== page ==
Conversion of Solar Energy into Biomass

The intercept by the Earth of solar energy exceeds the present input of fossil and uranium fuels into the world economy by a factor of about 10,000 (Lewis and No- cera 2006). The average daily solar irradiation varies, dependent on latitude, climate and season. When on the equator, maximum irradiation is on a horizontal plane, but away from the equator, for the maximum intercept of solar radiation by a fixed plane, the plane should have an angle corresponding to latitude (e. g. Qelik 2006). Average daily solar irradiation (measured on a horizontal surface) that may support feedstock for biofuel production varies roughly between 7 and 25 MJm~2. The daily worldwide average irradiation is about 15.5MJm~2, or 180 Wm~2. Differences be­tween days can be large. For instance, in Amsterdam (52°21′ N), the average daily irradiation is approximately 3 MJm~2 in January and 17 MJ m~2 in July (Akkerman et al. 2002). The greatest annual input of solar radiation tends to occur in subtrop­ical regions at latitudes between 20 and 30° and little cloud cover. Humid tropical regions have somewhat lower irradiation (Sinclair and Muchow 1999). When go­ing poleward from a latitude of about 30°, solar irradiation tends to decrease. As for major areas for current biofuel production, in Brazil, where sugar cane ethanol is produced, daily solar irradiation is on average about 220 W m~2 (approximately 19 MJday-1 m~2 or 694 x 102 GJyear-1 ha-1). In the US, average daily irradiation varies between 12 and 22 MJm~2, whereas in the US Midwest, where there is large — scale corn ethanol production, solar irradiation is about 170 Wm~2 (approximately 14.7MJday-1m~2 or 536 x 102GJyear-1ha-1) (Kheshgi et al. 2000; Vasudevan and Briggs 2008).

In establishing the overall conversion efficiency of technologies for the conver­sion of solar energy, there should be a correction for the cumulative energy demand associated with the biofuel life cycle and the life cycle of physical conversion tech­nologies (Reijnders and Huijbregts 2007). For instance, if the lower heating value of fossil fuel inputs amounts to 20% of the lower heating value of a biofuel, the solar energy conversion efficiency will be corrected by this percentage. The result thereof is the overall energy efficiency of the biofuel. This is summarized in the following equation:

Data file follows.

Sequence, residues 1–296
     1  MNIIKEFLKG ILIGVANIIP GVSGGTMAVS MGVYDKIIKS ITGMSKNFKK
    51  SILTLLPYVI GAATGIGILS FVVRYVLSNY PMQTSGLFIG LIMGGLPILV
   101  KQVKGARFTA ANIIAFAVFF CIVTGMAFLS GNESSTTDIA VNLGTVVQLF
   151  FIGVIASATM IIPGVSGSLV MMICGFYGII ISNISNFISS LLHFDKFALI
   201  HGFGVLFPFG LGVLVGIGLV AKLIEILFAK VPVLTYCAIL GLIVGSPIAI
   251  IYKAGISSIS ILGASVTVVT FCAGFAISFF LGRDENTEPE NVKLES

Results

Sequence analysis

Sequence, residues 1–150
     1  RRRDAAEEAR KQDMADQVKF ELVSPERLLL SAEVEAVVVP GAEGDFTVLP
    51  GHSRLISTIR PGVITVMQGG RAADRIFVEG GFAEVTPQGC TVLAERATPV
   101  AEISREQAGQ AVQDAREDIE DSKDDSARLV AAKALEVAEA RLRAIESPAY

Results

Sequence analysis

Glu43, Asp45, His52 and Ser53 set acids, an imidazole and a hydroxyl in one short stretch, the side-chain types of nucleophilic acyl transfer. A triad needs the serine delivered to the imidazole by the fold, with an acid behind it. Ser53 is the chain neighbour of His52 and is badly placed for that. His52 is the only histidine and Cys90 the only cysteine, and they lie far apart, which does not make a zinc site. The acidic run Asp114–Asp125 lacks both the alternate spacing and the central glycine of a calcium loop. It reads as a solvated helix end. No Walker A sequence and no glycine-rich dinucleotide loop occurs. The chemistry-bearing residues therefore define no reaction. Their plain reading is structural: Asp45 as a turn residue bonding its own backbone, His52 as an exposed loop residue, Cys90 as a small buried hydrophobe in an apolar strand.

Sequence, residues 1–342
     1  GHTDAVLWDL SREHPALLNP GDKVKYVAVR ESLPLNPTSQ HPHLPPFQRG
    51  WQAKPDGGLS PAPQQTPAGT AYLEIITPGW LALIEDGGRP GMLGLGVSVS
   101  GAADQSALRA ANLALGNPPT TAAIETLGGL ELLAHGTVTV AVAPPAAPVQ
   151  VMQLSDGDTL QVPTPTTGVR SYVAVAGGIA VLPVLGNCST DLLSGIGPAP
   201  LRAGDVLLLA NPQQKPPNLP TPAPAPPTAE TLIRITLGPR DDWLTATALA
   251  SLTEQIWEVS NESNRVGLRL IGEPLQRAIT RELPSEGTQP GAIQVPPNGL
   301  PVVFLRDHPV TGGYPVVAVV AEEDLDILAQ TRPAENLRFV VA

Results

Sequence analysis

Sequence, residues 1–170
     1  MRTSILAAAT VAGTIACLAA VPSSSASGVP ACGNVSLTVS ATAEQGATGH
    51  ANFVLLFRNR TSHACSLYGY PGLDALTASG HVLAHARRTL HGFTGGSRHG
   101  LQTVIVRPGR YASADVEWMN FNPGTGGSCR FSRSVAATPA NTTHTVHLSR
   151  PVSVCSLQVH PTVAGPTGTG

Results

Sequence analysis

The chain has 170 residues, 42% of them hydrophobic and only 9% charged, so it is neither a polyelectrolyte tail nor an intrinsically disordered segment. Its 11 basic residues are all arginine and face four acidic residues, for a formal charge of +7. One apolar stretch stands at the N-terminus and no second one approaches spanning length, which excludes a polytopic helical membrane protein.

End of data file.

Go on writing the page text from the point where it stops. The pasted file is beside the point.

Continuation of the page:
SCEX = Yx ‘Ex’FEx • 100 x F


where SCEX is the solar energy conversion efficiency of biomass or biofuel type x (%), Yx is the yield of biomass type x (kg/ha/year), Ex the energy content of biomass or biofuel type x (MJ/kg), FEx the correction factor for fossil fuel input in the life

cycle of biomass or biofuel type x (MJ/MJ), and Esolar is the yearly solar irradiation (MJ/ha/year). SCEx is a measure that can help in estimating the ability of biofuels to displace fossil fuels.

As pointed out in Chap. 1, conversion of solar energy into biomass occurs by photosynthesis. Harvestable biomass that can be used for energy generation (yield) depends on a number of factors. At the present atmospheric CO2 concentration for C4 terrestrial plants, the maximum conversion efficiency is estimated at 5.5-6.7% and for C3 plants at 3.3-4.6% (Hall 1982; El Bassam 1998; Heaton et al. 2008b). A 6.7% solar energy conversion efficiency would correspond with a dry biomass yield of approximately 250Mgha-1year_1 at 40° latitude (El Bassam 1998). Ac­tual yields are much lower than theoretical yields, because there are factors — such as in the case of terrestrial plants, the absence of a full canopy, shading, photosatu­ration and limited availability of nutrients and water — which in practice reduce the efficiency. Due to such factors, the theoretical differences in conversion efficiency between, for instance, C3 and C4 plants may not materialize in real life differences in conversion efficiency. For instance, sorghum is a C4 plant that tends to be roughly as efficient as the C3 cereals. And C3 plants such as sugar beet and oil palm are in practice often more efficient in converting solar radiation into biomass than the C4 plant Miscanthus.

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